NEW! Gardeners love this new, perennial, bicolored kale. Truly one-of-a-kind, this fetching variety is practically a whole new vegetable! The large, upright plant’s unique perennial habit allows for continuous, cut-and-come-again harvests of gorgeous, slightly curled blue-green leaves that are set off by contrasting creamy white coloration at their rough-hewn margins. This easy-to-grow, highly-edible ornamental was bred by Dick Degenhardt in Boskoop, Netherlands and is propagated by root cuttings.

Available only within the contiguous US.

I say it’s Daubenton’s, as their description and picture above seems to say, but they are selling it as ‘Kosmic’ kale, and a newly bred hybrid? For the sake of not spreading around false information I have emailed Territorial asking them to clarify if they can. So I will see what I can find out and will post my findings.

Of course, if it is perennial, beautiful, and excellent tasting, I will be happy growing it, wether it is or is not Daubenton’s. Let me know if you find anything out yourselves.

Update: I received an email back, and Territorial seeds assures me that ‘Kosmic’ is indeed a novel breeding accomplishment, not Daubenton’s, despite all the similarities. Say hello to a new addition of the perennial vegetable family.

I’m not done yet though. I am determined to find out what genetics make up this “F1 hybrid.”

Prospecting Camassia

How many people reading this even know what camassia are? Until lately, I just had the general idea they are hyacinth-looking flowers, and hadn’t the slightest inkling of their edible history or they’re potential as an excellent crop in food forests.

C. esculenta. Photo by T. Prendusi

Camassia is a genus of plants native to North America with species like C. scilloides growing in the eastern United States, C. cusikii in the mountains of Oregon, and the most well known, C. esculenta and C. quamash, in the middle of the United states on the great plains with several other kinds in between.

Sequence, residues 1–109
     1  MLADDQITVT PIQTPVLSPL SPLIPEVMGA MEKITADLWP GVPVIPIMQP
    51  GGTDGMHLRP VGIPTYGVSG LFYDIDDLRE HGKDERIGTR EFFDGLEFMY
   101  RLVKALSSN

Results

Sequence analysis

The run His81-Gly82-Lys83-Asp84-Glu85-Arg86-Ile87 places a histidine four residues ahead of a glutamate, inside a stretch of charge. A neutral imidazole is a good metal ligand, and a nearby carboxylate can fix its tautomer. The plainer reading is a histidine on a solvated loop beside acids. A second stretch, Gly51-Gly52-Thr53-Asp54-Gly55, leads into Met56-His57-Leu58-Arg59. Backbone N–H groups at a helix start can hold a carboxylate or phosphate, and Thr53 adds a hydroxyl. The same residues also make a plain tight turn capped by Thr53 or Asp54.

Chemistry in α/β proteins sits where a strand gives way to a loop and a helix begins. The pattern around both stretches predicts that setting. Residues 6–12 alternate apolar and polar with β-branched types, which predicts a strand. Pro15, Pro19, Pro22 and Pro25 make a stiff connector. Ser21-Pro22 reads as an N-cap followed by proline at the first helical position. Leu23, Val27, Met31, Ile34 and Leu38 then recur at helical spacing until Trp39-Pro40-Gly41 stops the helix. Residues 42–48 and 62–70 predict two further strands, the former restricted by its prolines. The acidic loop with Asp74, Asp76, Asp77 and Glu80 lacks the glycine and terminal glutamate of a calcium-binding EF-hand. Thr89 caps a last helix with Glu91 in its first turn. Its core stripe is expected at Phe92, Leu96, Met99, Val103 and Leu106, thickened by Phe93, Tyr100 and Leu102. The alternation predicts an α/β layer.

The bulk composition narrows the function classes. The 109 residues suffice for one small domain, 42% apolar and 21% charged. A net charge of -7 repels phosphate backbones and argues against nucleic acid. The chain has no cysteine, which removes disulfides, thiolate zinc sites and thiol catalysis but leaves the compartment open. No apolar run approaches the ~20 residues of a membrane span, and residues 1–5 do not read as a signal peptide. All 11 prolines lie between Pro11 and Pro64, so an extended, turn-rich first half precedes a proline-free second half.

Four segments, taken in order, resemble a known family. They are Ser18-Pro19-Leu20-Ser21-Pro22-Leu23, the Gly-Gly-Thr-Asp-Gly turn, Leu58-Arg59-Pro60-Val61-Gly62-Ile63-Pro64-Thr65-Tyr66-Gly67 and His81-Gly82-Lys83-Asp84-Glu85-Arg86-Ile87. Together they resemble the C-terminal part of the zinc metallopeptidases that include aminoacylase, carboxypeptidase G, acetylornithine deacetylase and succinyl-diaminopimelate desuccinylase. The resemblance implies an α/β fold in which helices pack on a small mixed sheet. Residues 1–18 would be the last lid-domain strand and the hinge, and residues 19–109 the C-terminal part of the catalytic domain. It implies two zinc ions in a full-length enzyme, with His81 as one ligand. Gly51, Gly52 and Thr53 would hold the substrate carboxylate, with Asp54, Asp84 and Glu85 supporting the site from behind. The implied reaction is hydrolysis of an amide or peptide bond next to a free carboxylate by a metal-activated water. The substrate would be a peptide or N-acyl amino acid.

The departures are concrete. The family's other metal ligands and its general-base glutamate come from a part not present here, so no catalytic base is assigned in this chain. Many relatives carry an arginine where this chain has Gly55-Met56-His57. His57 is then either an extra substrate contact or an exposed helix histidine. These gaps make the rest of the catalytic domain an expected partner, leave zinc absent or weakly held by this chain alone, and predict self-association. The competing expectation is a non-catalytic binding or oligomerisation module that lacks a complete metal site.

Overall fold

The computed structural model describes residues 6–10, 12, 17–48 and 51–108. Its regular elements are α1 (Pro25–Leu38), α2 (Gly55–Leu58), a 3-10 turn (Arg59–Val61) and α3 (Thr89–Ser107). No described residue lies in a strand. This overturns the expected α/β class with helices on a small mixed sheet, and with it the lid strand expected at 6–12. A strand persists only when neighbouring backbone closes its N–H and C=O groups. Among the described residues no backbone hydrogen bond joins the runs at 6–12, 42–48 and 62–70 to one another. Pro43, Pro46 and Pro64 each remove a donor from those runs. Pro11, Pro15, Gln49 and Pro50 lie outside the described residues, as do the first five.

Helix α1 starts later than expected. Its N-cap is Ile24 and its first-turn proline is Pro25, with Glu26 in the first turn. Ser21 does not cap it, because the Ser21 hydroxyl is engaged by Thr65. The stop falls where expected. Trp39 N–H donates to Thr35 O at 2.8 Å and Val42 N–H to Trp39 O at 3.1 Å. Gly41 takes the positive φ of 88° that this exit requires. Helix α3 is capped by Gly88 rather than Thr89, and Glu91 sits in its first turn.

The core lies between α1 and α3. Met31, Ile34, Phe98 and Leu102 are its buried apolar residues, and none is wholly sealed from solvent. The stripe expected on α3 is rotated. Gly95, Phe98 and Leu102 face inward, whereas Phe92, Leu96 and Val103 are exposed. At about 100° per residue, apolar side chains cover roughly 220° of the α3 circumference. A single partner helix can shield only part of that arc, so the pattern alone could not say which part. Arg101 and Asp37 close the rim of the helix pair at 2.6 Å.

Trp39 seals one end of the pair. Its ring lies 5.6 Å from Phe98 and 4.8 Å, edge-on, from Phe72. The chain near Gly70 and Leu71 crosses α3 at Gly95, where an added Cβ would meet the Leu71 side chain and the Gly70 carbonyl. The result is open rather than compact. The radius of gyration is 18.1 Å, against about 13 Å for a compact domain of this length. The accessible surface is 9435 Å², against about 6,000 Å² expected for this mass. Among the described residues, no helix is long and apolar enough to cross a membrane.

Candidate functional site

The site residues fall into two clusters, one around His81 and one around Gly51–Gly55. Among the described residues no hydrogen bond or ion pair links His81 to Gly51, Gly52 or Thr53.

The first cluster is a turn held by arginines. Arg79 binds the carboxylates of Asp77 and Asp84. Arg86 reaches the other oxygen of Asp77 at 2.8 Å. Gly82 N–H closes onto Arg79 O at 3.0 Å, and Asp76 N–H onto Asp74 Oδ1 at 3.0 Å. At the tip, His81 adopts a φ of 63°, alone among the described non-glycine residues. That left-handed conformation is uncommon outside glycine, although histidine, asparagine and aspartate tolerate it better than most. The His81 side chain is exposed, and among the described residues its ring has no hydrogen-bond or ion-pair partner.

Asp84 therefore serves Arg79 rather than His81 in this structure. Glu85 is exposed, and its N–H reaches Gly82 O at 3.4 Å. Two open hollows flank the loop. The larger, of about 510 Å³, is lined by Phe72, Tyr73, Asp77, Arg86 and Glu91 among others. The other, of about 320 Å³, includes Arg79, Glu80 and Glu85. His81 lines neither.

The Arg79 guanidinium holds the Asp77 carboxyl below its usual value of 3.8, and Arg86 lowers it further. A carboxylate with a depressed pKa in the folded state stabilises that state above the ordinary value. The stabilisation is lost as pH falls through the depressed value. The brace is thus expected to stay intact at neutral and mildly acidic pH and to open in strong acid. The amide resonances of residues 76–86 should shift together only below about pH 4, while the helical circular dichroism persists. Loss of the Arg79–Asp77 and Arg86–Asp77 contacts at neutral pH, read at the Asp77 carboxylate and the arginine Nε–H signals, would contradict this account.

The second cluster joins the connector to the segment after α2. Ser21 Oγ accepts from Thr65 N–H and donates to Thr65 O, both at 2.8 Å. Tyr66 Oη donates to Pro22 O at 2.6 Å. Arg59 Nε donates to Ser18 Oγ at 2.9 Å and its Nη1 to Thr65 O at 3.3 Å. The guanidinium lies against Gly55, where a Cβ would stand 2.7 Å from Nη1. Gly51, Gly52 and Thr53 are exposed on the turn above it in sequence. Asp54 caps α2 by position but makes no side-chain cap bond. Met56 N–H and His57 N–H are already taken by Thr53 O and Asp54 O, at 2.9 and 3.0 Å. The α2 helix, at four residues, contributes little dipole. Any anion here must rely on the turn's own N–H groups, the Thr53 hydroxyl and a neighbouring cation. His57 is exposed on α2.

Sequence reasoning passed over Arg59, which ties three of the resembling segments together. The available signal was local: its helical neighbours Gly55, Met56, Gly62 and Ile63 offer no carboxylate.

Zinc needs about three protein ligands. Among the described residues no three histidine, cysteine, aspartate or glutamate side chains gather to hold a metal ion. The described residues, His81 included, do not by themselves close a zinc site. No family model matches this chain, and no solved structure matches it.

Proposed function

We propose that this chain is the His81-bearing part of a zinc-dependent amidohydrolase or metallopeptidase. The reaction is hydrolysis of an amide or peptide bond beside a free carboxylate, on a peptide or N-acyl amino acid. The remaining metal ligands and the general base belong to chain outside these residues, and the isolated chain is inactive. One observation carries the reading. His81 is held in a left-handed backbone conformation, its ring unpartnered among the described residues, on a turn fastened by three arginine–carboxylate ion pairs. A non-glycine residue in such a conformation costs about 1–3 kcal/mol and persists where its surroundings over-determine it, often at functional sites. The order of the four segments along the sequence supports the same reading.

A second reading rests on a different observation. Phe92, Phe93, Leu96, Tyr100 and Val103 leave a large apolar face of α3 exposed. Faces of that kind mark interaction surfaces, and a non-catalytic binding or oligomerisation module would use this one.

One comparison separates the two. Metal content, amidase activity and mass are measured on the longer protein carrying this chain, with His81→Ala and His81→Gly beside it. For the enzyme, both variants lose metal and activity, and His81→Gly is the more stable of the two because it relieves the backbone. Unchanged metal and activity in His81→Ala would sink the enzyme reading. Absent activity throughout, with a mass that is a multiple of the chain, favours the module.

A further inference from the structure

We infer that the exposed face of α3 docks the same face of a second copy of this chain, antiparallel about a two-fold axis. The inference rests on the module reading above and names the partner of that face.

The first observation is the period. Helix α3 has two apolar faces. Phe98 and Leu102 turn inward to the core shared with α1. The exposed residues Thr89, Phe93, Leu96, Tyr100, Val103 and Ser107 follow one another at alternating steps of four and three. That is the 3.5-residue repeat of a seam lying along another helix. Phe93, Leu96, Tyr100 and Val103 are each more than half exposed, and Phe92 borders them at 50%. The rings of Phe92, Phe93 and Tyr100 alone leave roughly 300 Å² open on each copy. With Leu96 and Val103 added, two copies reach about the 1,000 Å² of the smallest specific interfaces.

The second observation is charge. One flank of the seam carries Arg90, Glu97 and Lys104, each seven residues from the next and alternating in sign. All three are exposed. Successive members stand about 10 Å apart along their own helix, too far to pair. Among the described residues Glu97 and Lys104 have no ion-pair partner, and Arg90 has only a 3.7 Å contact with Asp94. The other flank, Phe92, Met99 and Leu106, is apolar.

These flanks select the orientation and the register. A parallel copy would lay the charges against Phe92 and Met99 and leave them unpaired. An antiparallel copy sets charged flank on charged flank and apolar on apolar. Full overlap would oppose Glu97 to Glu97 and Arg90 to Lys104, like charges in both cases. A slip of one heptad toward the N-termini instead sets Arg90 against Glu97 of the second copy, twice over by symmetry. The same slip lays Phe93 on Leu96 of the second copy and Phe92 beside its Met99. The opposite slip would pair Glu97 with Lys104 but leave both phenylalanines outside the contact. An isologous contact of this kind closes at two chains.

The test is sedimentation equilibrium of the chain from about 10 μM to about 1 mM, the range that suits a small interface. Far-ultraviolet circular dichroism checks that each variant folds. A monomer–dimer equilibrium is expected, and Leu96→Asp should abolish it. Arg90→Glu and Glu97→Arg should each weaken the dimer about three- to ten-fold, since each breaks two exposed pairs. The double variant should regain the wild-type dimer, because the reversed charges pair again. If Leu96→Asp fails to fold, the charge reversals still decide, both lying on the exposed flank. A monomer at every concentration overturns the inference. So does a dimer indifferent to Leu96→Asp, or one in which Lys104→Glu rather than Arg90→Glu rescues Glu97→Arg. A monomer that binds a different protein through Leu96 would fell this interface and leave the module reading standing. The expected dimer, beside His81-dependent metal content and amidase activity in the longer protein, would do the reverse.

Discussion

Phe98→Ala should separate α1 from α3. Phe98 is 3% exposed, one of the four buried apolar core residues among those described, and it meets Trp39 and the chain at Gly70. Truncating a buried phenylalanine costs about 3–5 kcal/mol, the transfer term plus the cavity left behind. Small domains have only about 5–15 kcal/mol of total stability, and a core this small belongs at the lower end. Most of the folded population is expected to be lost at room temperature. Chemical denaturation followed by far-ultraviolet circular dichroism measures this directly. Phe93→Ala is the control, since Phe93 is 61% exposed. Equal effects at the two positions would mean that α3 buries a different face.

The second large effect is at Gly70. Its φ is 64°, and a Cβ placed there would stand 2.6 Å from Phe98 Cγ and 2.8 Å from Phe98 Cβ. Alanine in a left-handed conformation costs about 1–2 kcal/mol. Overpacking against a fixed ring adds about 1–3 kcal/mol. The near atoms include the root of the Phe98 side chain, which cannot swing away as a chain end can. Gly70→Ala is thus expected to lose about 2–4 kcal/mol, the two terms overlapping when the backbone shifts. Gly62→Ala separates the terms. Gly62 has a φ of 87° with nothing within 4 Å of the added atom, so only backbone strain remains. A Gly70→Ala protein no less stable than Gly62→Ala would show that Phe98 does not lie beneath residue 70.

It was on the great plains that camassia was used as staple food by several Indian tribes. It’s bulbs, like the tubers of another great plains plant, Jerusalem Artichokes (Helianthus tuberosus), would be baked slowly for several days in pits on burning coals. This broke  down the inulin camassia contains, making them more digestible, turning them a carmalized dark brown, with gooey but not sticky texture, the flavor similar to winter squash. At least, so I’m told.

I’m just getting my own camassia in the ground this fall, and still waiting to get some for eating. I have seen how they grow though, because my neighbor has some. She grows them in very deep shade for a plant of the great plains, I thought. Then I asked her about their shade tolerance, and she reminded me that on the great plains there are a lot of very tall grasses and other plants like sunflower for instance. Since camassia is only about a foot tall, all these plants act as an upper story, leaving it in the shade. In many ways, it really is an understory plant.

Of course, they’re habitats vary, as I said. Camassia scilloides, for instance, grows in woodlands, while others grow on plains. I have read that camassia often prefer moist, rich meadows, but then I have read that C. lecthinii grows in the crevices of rocks!

Just think what that means for the food forest gardener: A plant that grows in shade, with or without weed competition, in wet places, in dry places –what we’d think entirely inhospitable for food crops — but it has excellent food qualities.

I’ll compare them to growing potatoes. Potatoes can’t stand weed competition very well, like to be hilled if you want a good crop, are not native here (they’re native to the Andes), and need sunlight, of which an established food forest will have limited amounts.